First Nation leaders at the Thunder Bay Indian Friendship Centre and Nishnawbe-Aski Legal Services are excited about the recent approval of an Indigenous Peoples Court in Thunder Bay.
“We’re really excited about moving it forward,” says Charlene Baglien, TBIFC’s executive director. “There is some overwhelming support from the community and I think it is a wonderful opportunity for all of us.”
The proposal for an Indigenous Peoples Court in Thunder Bay was approved by the Chief Justice’s Office, Ontario Court of Justice. The Indigenous Peoples Court will be the first of its kind in northwestern Ontario.
“It’s long overdue, but now that it’s here I think it is going to be a great asset for the people of NAN (Nishnawbe Aski Nation),” says Celina Reitberger, executive director of Nishnawbe-Aski Legal Services. “They make up a lot of the people coming to the court and so we are very pleased that this is an alternative way to deal with very serious offences that our people are facing and we’re looking forward to some great results.”
Ontario’s first Aboriginal People’s Court, now named the Indigenous Persons Court, opened in Brantford in 2014.
“We used Brantford’s model as one of our bases for our proposal, but our model is more towards the B.C. model of their justice program, with the use of Elders,” Reitberger says. “We know that Brantford is successful. And they are all based on the circle and reconciliation and taking responsibility for what has been done and then trying to find out how to heal.”
The court is designed to draw on the wisdom and experience of local Elders during the court process to ensure a wholistic approach that is consistent with the Medicine Wheel teachings of Indigenous people of the region.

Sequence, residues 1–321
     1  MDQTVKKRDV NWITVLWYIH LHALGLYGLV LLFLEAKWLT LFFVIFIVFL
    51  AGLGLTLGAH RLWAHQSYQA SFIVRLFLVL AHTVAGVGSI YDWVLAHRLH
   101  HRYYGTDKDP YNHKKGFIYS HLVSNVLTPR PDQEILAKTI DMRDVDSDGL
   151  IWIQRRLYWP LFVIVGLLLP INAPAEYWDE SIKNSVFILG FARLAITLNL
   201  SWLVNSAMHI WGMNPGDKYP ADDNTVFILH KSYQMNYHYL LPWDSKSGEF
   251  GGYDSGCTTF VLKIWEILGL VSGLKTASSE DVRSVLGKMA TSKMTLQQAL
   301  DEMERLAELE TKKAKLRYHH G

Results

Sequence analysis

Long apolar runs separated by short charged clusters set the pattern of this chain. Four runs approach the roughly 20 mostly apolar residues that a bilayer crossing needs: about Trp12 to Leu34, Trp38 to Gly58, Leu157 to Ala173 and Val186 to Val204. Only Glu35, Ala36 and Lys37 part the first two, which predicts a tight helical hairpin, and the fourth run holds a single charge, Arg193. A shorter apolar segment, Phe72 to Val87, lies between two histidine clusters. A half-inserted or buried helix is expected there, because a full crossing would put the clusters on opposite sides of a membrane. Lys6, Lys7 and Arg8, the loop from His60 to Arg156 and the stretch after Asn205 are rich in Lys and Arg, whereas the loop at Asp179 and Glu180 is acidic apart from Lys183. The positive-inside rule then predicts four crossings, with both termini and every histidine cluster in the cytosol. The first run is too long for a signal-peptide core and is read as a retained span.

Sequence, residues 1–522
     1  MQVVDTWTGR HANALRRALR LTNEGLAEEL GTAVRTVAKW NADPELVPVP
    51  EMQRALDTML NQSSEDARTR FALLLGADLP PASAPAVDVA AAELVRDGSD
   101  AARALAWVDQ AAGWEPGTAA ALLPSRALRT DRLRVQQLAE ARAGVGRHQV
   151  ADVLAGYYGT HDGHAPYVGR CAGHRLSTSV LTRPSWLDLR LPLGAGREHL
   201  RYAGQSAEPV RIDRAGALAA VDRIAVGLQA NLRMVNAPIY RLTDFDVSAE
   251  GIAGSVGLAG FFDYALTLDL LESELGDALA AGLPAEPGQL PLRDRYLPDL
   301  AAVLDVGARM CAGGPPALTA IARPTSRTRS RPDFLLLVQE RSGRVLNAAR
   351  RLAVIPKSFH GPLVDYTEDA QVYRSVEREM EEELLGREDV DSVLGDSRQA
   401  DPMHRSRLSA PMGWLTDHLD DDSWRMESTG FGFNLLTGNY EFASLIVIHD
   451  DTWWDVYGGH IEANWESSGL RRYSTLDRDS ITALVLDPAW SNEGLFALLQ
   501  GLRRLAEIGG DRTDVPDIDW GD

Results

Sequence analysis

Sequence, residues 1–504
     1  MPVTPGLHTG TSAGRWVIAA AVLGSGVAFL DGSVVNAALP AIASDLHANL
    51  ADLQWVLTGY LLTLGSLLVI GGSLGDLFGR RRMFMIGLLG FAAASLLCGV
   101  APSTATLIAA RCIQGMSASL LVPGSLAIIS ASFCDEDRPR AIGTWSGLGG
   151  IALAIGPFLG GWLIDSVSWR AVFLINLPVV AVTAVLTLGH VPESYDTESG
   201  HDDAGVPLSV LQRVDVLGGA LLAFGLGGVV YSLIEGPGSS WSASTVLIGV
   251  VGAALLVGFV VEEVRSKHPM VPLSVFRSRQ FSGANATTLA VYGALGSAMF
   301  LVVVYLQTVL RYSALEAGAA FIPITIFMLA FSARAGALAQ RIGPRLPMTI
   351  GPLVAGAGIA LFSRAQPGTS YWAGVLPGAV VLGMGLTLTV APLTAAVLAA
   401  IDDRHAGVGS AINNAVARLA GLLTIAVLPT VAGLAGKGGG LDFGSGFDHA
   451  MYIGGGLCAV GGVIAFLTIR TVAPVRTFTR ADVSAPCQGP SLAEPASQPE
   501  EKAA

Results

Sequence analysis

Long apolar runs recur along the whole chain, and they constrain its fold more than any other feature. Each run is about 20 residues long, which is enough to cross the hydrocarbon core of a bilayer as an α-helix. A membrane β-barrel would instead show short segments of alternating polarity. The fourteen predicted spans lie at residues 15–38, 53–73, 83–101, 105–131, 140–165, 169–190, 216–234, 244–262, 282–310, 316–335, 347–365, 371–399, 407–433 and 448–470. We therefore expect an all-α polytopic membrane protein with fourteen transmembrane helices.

“This court will be a powerful process to promote healing and reconciliation in our community and to use the teachings of Indigenous people to provide a wholistic approach to justice,” Baglien says.
The Indigenous Peoples Court will be held in the Aboriginal Conference Settlement Suite at the Thunder Bay Courthouse, which is designed for Indigenous people with a ventilation system for smudging.
“That courtroom will be more comfortable, because it is in the round and we will have the medicines and we will have Elders and everything that will make people feel more comfortable there,” Reitberger says.
Frances Wesley, Indigenous Peoples Court coordinator, says the courtroom will also feature special sashes for the judges and a rug with a medicine wheel design.
“So it’s going to be a really welcoming environment for clients who come through the court,” Wesley says.
The Indigenous Peoples Court will also use a restorative justice approach to sentencing aligned with Indigenous culture and traditions.
“Our goal is to reduce the overrepresentation of Indigenous people in custody,” Wesley says. “And to do that, we must take the time to consider the life experiences of Indigenous peoples and how they’ve been impacted by those experiences.”
Rosanna Hudson, TBIFC’s coordinator of justice services, says the Indigenous Peoples Court is almost ready to begin operations.
“We’re just looking at implementing the training and setting some dates for the court to begin,” Hudson says. “It will give (Indigenous people) an opportunity to look at some of their issues and be able to address them, one step at a time with the support of the court.”
Wesley says there has been a good response from the community about the Indigenous Peoples Court.
“They are really looking forward to seeing this court proceed,” Wesley says. “The intent of this court is to reduce the number of Indigenous people (before) the court system. It’s going to take a while to get there, but it will come.”